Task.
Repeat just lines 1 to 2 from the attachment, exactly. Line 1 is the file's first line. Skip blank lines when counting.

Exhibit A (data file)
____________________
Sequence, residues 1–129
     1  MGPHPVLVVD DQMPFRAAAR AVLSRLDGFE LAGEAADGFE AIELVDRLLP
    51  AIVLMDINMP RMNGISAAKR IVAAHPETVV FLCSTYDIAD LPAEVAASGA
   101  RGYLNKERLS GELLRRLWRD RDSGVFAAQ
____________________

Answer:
Sequence, residues 1–129
     1  MGPHPVLVVD DQMPFRAAAR AVLSRLDGFE LAGEAADGFE AIELVDRLLP